Underwriting Update for Financing of Investment Property with Fannie Mae

Last Friday, when Fannie adjusted the allowance for the amount of financed properties owned from 4 to 10, other underwriting requirements on investment and second home borrowers were updated as well.  (Freddie Mac still has the 4 financed property limit).

Reserve requirements vary depending on the number of financed properties owned (including primary residence):

1-4 financed properties 0wned:

  • 2 months of reserves on the subject property if it’s a second home.
  • 6 months reserves on subj. property if it’s an investment property plus 2 months reserves on each other second home or investment property.

5-10 financed properties owned:

  • 2 months of reserves on the subject property if it’s a second home.
  • 6 months of reserves on the subject property if it’s an investment property plus 6 months reserves on each other financed second home or investment property.

Note:  Freddie Mac’s guidelines are *currently* 6 months PITI.

Other underwriting changes for investment properties include:

  • 70% LTV for purchase of 1-unit and 70% for 2-4 units.
  • 720 minimum low-mid credit score. 
  • No history bankruptcy or foreclosure in the past 7 years.
  • Rental income must be documented with two years tax returns.
  • Borrowers required to sign form 4506 (which you can expect on ALL loans these days–including owner occupied).

Don’t forget that there is a significant price hit of 0.75% to fee from Fannie and Freddie with investment properties on top of the credit score/loan to value adds (LLPA).    Seller contribution is limited to 2% of the sales price with investment property.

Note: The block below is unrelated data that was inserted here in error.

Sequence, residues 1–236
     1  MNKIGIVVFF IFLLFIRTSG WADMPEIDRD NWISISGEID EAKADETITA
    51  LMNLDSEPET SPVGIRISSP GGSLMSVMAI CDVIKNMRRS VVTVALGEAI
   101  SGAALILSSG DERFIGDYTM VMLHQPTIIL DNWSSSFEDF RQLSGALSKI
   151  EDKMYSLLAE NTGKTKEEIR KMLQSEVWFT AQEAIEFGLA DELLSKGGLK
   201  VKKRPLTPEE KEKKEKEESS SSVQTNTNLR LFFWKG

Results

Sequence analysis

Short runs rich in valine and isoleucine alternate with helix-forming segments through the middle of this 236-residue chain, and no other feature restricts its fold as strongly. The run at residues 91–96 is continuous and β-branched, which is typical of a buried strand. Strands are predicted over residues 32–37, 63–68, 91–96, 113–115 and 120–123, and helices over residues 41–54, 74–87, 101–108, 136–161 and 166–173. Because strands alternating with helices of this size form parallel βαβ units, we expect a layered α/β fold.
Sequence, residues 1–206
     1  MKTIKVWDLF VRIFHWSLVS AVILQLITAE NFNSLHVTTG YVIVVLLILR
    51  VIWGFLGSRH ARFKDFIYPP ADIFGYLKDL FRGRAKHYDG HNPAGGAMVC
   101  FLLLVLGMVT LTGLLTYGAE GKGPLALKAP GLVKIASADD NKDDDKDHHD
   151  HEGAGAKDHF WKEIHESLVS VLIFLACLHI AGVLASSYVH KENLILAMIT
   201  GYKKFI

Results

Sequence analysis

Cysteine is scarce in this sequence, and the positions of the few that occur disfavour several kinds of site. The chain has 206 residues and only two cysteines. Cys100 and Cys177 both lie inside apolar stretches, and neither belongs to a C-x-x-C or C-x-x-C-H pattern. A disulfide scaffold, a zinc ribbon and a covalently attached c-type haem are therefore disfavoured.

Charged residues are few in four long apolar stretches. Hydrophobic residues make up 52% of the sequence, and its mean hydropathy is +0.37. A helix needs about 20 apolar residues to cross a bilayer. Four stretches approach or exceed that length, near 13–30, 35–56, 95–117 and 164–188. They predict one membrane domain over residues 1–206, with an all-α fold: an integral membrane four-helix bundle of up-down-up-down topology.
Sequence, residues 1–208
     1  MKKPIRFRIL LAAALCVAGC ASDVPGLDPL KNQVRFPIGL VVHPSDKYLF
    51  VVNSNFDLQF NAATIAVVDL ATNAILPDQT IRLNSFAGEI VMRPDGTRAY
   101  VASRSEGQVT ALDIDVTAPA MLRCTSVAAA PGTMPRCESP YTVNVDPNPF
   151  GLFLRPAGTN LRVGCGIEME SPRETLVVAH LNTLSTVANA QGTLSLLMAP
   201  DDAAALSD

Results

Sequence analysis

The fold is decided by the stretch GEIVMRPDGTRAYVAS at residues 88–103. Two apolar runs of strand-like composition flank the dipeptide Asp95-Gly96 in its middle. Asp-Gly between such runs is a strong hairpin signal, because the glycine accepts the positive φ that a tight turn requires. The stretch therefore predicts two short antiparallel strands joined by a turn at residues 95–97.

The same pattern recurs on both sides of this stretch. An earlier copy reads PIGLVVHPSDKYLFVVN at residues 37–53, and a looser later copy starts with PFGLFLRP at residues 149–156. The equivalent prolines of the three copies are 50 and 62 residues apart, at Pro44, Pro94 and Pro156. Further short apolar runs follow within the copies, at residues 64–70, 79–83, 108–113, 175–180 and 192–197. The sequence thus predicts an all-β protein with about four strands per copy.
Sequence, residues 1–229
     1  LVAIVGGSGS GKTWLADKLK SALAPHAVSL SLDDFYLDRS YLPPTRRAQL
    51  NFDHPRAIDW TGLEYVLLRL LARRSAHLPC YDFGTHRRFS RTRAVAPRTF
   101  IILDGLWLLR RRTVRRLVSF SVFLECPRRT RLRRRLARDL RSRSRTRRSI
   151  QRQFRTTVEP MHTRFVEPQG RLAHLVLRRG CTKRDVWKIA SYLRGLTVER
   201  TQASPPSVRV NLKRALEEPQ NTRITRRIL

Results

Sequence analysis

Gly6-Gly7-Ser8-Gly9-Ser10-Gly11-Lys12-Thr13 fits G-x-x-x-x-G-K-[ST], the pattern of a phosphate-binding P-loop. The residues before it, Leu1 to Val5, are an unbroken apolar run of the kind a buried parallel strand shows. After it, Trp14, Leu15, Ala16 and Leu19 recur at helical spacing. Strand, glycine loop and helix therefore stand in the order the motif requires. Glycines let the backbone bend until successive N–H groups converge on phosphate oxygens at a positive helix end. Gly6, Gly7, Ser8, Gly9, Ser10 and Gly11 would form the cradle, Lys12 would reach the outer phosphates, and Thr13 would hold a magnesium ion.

When your financing evaporates, do you lose your earnest money?

This is not legal advice. For legal advice, consult an attorney, not a blog.

In this challenging market, many buyers are discovering that their loan program is no longer available. This is a particular problem with new construction, whether condo or house. The buyer signed a purchase and sale agreement (PSA) several months or even years ago. Back then, in the “good ol’ days,” lenders offered a variety of financing options. Some buyers relied on some of the more “aggressive” options (e.g., an option ARM) in order to qualify for the new home. Today, that financing option is gone, gone, gone, and the buyer can no longer afford to buy the property. What happens then?

Well, the short answer is that the buyer loses the money. In almost every new construction contract, the builder’s addendum will note that the financing contingency, if any, is waived within several weeks of signing the PSA (and months or years before closing). Once the financing contingency is waived, then the risk of a failure of financing rests squarely on the buyer. At that point, if financing fails, it is the buyer’s problem, not the seller’s. Accordingly, if the buyer cannot close as a result, then the buyer will lose the earnest money as the buyer is in default of the PSA.

However, there may be more to the contract than what is seen by the untrained eye. There are a variety of state and even federal laws that apply to the sale of property, and in particular new construction. In many instances, these laws create “loopholes” in the contract that allow the buyer to at least arguably rescind the contract. Thus, depending on the terms of the PSA at issue, these laws can be used to exert negotiating pressure on the seller to at least return some of the earnest money.